Faces of Food Safety: Introducing Jeffery Jacobsen
Food safety is at a crossroads. The public health community gains more knowledge every day about the evolving risks of foodborne illness, and every day we develop new tools and understanding to combat the dangerous pathogens which cause those illnesses.
In such an environment, every member of our team has to be focused on growing, learning and using the best science available to protect public health. A member of our team who exemplifies this standard is Jeffery Jacobsen.
Jacobsen serves as an Enforcement, Investigations and Analysis Officer (EIAO) in the Des Moines district. As an EIAO, Jacobsen’s work is where the rubber meets the road when it comes to fulfilling our agency’s public health mission.
EIAOs have a diverse and complex part to play in the FSIS mission. They review the design of HACCP plans, conduct investigations, make sure that recalls have been conducted successfully and effectively and perform comprehensive food safety assessments. This job requires intense attention to detail, as well as an ability to quickly size up new situations and figure out what, if anything, is out of place.
“You have to be able to see the nuances of each plant that you visit— from the smallest processing plants to the largest slaughter facilities—and understand how or why they do things differently—in order to know what is out of place and how to fix it,” says Jacobsen.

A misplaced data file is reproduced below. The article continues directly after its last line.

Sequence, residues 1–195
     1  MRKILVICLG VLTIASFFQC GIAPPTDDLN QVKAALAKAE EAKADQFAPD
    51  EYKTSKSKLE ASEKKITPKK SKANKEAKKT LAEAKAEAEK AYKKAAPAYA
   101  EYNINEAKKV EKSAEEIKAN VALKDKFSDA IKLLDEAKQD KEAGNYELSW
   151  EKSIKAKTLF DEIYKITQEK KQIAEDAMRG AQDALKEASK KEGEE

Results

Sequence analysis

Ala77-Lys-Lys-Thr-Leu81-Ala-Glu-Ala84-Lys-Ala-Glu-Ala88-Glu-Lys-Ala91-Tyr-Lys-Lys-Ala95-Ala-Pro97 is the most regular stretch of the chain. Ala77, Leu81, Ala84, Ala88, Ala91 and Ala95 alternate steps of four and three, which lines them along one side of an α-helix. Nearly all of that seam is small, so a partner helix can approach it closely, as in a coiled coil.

“Because each plant is so different from the next, it is very important for me to understand all the mechanics of the equipment. This is the challenge for all EIAOs, a challenge to make sure nothing slips through the cracks. Since I am not a trained engineer, I have worked hard to gain a better understanding of them.”
Jacobsen’s commitment to learning, growing and understanding the diverse world of evolving risks has made him a key voice in our agency’s efforts to modernize our food safety mission.
In 2012, Jeff was asked to join FSIS’ Strategic Performance Working Group (SPWG), a group established to bring together bright minds from across the agency to make new progress in tackling foodborne illness. This group began their work by evaluating new ways to combat Salmonella and has already made great progress; in fact, FSIS is aiming to implement some of the ideas put forward by this group before the end of the year.
As a part of this diverse group, Jacobsen was able to share what he has learned as an EIAO, someone who has boots on the front line of food safety every day. He was able to provide key insight on sanitary dressing as part of process control. During the working group process, he explained what happens in the field and the different techniques that he has seen that industry is using to address foodborne hazards. With his contributions, this group has been able to propose new and different strategies to address Salmonella nationwide.
“I am thinking differently by thinking outside of the box. I enjoy being part of something that is beyond myself. I am learning, and that is what this job is all about,” says the veteran EIAO.
Jacobsen takes great pride in analyzing new ways to prevent pathogens, like Salmonella, from entering the food supply. He says he owes much of his commitment and work ethic to his mentors here within the agency, who taught him how to conduct thorough investigations and put protecting public health first.
Ask Jacobsen what brings him to work for FSIS every day, and the answer is easy: he has a desire to constantly learn and share knowledge so that everyone can learn from and capitalize on our shared experience defending public health. It is this exchange of knowledge and enthusiasm for improvement that helps Jeff be a part of our agency’s work to modernize and equip ourselves for the next generation of public health work.